Keep this in mind the next time you hear about so-and-so trumpeting how they've allocated $40 million dollars to fund Noble Research Cause X. Do the math.
posted by intermod at 8:50 PM on August 22, 2005

There is a notable concurrent example: the ITER international joint fusion reactor program, which will build a $10 billion+ experimental reactor in France. The US (after initial reluctance and NIHism) will contribute about $350M annually to the effort beginning in 2007.

It's true that alternative energy sources require investment, but it's also misleading to suggest that spending even billions will necessarily create something that can replace the role that oil has in modern society. Fusion is the only really promising candidate where there's a breakthrough point and a massive downline benefit. Other types of sources -- from wind power to solar to geothermal to whatever -- is already a largely known parameter and all we can do is increase the efficiency of our draws from these sources. Solar cells, if I remember the numbers right, have gone from about 5% efficiency in the 1970s to something like 15-20% efficiency now -- and it's accepted that it really, really isn't going to get much better, so there are minimum sizes for solar panels per desired output, and the constraints that we have to deal with are manufacturing costs, which may get better with volume but won't get spectacularly less expensive in the near future.

Or would it take like $100 gazillion? I really have no idea how much massive research projects like that cost, but it seems like $1 trillion isn't peanuts, and when I hear about stuff like hydrogen cars, the main problem is always that it's too expensive. Would a $1 trillion in venture capital help?

We really don't know how much things like this cost in advance, is part of the problem. It's money-pit research, until there's an unpredictable breakthrough discovery. It would be $20 and the undergrad down the street figures out how to achieve world peace, and this time it will really, really work, but then the Vogons come ... or it could take $20 gazillion and we never really see a breakthrough. That's the main reason the auto industry is "reluctant" to commit to more fuel efficent engines, because to them this sort of research isn't something they can really count on, and they've already tossed a pretty penny down that well.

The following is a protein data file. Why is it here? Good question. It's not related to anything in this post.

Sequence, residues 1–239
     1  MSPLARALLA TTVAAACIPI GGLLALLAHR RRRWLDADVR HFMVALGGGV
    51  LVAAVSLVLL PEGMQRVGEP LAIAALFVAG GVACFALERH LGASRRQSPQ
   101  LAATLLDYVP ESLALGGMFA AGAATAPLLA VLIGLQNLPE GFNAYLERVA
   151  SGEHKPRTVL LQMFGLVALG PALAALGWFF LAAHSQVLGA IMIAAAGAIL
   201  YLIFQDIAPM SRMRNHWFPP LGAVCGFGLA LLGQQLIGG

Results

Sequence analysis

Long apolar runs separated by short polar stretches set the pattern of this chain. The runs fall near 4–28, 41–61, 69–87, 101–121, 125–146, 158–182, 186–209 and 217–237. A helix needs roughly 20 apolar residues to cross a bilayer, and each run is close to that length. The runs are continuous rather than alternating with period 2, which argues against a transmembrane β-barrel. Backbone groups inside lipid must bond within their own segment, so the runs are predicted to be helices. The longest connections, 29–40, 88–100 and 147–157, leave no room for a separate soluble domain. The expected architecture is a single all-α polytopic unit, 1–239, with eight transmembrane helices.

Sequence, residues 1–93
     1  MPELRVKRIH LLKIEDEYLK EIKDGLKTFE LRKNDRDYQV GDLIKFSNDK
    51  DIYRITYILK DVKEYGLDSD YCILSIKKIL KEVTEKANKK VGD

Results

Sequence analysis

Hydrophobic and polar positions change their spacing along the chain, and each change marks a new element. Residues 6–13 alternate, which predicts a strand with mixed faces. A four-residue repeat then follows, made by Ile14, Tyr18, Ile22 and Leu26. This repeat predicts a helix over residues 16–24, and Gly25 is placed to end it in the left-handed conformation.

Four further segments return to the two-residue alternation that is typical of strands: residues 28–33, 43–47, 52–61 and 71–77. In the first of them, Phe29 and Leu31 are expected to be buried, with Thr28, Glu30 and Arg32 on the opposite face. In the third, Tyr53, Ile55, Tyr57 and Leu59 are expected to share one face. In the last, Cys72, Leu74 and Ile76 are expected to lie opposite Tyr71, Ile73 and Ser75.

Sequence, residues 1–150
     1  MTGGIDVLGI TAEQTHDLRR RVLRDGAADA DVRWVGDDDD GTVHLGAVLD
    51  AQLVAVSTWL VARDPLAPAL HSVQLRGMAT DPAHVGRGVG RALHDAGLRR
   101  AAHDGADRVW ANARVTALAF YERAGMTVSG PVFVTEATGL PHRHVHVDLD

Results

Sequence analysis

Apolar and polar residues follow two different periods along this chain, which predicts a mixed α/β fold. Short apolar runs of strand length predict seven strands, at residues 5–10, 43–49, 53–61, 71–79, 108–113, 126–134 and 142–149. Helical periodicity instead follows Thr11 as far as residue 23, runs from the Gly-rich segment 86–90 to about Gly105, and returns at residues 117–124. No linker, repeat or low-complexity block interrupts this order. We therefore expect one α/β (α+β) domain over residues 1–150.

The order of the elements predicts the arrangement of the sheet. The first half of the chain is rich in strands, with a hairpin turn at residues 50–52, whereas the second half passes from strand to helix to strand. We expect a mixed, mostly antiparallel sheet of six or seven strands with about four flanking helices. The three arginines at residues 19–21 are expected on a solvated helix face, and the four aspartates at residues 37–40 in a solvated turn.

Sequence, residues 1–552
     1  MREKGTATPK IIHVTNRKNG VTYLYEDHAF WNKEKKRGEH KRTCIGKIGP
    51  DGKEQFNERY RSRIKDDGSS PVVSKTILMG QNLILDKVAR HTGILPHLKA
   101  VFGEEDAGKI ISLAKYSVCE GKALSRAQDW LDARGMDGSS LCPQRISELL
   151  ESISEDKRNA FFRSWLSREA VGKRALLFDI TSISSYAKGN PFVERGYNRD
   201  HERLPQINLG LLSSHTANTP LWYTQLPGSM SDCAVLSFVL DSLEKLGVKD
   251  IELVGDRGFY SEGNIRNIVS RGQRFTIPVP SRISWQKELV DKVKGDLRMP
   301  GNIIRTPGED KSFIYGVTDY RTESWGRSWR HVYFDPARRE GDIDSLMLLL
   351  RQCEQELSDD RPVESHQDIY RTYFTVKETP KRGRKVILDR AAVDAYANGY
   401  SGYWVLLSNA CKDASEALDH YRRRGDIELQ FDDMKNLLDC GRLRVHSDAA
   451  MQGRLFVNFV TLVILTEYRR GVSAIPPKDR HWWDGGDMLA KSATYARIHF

It's an enormously different thing to create a more fuel-efficient engine that works, and one the average car-buyer can afford. We've got the first. I think if the second were true that Detroit would be leading the way instead of dragging its feet.

Hydrogen cars are certainly possible, but they have their own problems, and they're a lot less flexible as vehicles, which affects the question of whether the public will buy them. That's apart from questions of supply chains (where do you refuel?) and construction.

Um, this is off topic.
posted by dhartung at 10:42 PM on August 22, 2005

Um, this is off topic.

Yeah, I know. In retrospect, I guess I shoulda started a separate AskMe thread. Oh well. I think the whole thread is interesting though, and at least tangentially related. So thanks for the info....
posted by spilon at 7:04 AM on August 23, 2005

Even so, let's just put this into perspective: The annual budget for the National Institute of Health (a major granting organization for academic research here in the US) was $28 billion dollars this year, while the National Science Foundation got $5.6 billion this year. The NIH funds a scary percentage of publicly available medical research, just FYI.
posted by Mercaptan at 1:42 PM on August 23, 2005